Randall Jarrell

Also found in: Thesaurus, Encyclopedia, Wikipedia.
ThesaurusAntonymsRelated WordsSynonymsLegend:
Noun1.Randall Jarrell - United States poet (1914-1965)
References in periodicals archive ?
People who live in a golden age usually go around complaining how yellow everything looks," observed poet Randall Jarrell.
The book also charts the development of TateAEs ideas and poetry from his student days onward, and sheds light on his relationships with other poets, including Robert Penn Warren, Hart Crane, Randall Jarrell, and Delmore Schwartz.
to learn who was who in what Randall Jarrell, himself an important critic, wryly called "The Age of Criticism.
Under the auspices of the Randall Jarrell Fellowship, she studied creative writing with Fred Chappell at the University of North Carolina-Greensboro, obtaining her M.
Think of Randall Jarrell stepping in front of an automobile on a dark country road; Robert Lowell's frequent visits to McLean, the psychiatric hospital outside Boston; or John Berryman jumping off the Washington Avenue Bridge in Minneapolis.
Los habia presentado Randall Jarrell en 1947, en una cena neoyorquina.
In 1958 Randall Jarrell, the American poet, edited and brought out a collection of stories, Randall Jarrell's Book of Stories, which contains a famous introduction.
Our sample, made up of 3x3x3 poets (Irina Andone, Dimitrie Anghel, Thomas Lovell Beddoes, John Berryman, Paul Celan, Thomas Chatterton, Hart Crane, John Davidson, Sergey Esenin, Benjamin Fondane, Randall Jarrell, Heinrich von Kleist, Vachel Lindsay, Gherasim Luca, Lucan, Vladimir Mayakovsky, Gerard de Nerval, Cesare Pavese, Sylvia Plath, Sappho, Daniil Scavinski, Anne Sexton, Ion Stratan, Sara Teasdale, Georg Trakl, Marina Tsvetayeva, George Vasilievici) is sad testimony to such a deadlock but, as an excuse for the Poet, we will take the liberty to paraphrase La Rochefoucauld and say that Poets are not those which have "more virtue" and more of sanity than common souls, but "only those which have greater designs.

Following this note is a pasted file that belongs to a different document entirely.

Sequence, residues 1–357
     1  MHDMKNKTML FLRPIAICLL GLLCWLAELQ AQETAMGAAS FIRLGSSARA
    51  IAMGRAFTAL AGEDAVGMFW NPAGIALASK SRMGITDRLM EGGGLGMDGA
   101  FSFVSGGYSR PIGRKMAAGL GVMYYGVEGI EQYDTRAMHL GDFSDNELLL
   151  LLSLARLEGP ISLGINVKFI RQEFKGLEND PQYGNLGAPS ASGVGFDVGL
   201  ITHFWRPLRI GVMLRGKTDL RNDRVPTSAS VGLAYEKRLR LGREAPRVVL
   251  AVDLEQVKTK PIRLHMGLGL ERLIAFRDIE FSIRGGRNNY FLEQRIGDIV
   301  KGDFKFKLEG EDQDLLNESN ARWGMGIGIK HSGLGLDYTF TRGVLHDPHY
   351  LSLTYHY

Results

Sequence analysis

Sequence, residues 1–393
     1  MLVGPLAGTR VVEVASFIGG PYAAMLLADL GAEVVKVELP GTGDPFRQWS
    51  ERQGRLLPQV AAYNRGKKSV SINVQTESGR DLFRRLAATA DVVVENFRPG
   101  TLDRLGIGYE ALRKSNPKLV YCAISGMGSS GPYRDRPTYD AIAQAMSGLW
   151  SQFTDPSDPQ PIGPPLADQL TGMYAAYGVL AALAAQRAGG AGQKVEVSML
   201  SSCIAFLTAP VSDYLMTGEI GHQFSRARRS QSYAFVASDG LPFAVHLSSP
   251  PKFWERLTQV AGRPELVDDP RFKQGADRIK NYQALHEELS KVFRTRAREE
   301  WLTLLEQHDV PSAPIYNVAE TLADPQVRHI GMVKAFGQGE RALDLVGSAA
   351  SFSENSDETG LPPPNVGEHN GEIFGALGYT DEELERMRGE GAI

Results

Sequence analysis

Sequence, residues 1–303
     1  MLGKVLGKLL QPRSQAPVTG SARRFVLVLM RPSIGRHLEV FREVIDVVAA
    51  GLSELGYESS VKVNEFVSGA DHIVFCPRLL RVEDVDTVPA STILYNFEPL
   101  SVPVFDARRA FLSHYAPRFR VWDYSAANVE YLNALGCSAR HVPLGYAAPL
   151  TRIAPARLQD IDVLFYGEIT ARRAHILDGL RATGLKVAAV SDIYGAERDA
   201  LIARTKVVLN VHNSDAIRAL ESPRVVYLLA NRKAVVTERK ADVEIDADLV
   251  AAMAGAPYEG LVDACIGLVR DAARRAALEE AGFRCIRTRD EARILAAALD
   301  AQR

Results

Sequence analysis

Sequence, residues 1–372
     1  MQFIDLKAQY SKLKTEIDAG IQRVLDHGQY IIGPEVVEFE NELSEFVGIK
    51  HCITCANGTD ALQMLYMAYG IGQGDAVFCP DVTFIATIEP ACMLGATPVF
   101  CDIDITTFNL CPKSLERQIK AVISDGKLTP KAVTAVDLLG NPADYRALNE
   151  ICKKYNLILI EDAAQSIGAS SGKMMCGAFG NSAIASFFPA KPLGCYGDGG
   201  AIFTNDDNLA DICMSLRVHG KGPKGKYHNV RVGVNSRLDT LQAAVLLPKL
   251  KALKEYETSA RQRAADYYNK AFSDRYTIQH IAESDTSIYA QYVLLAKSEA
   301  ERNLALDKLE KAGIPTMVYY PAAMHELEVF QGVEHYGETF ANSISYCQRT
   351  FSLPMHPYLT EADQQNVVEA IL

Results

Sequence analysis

With reference to the poetry of Randall Jarrell, I want to urge, if only delicately, a principled return to a blasted allegorical criticism in relation to the body it blasts.
Poet and critic Randall Jarrell admired the leftist Partisan Review (which ceased publication in 2003), but also expressed reservations, in a critique that, with a couple of substitutions, might well apply to many literary magazines today: "Although its politics are doctrinaire and academic in that funny New York professional-left way, they haven't prevented it from printing other groups, Stalinists excepted.
Readers, real readers', Randall Jarrell once remarked, 'are almost as wild a species as writers; most critics are so domesticated as to seem institutions'.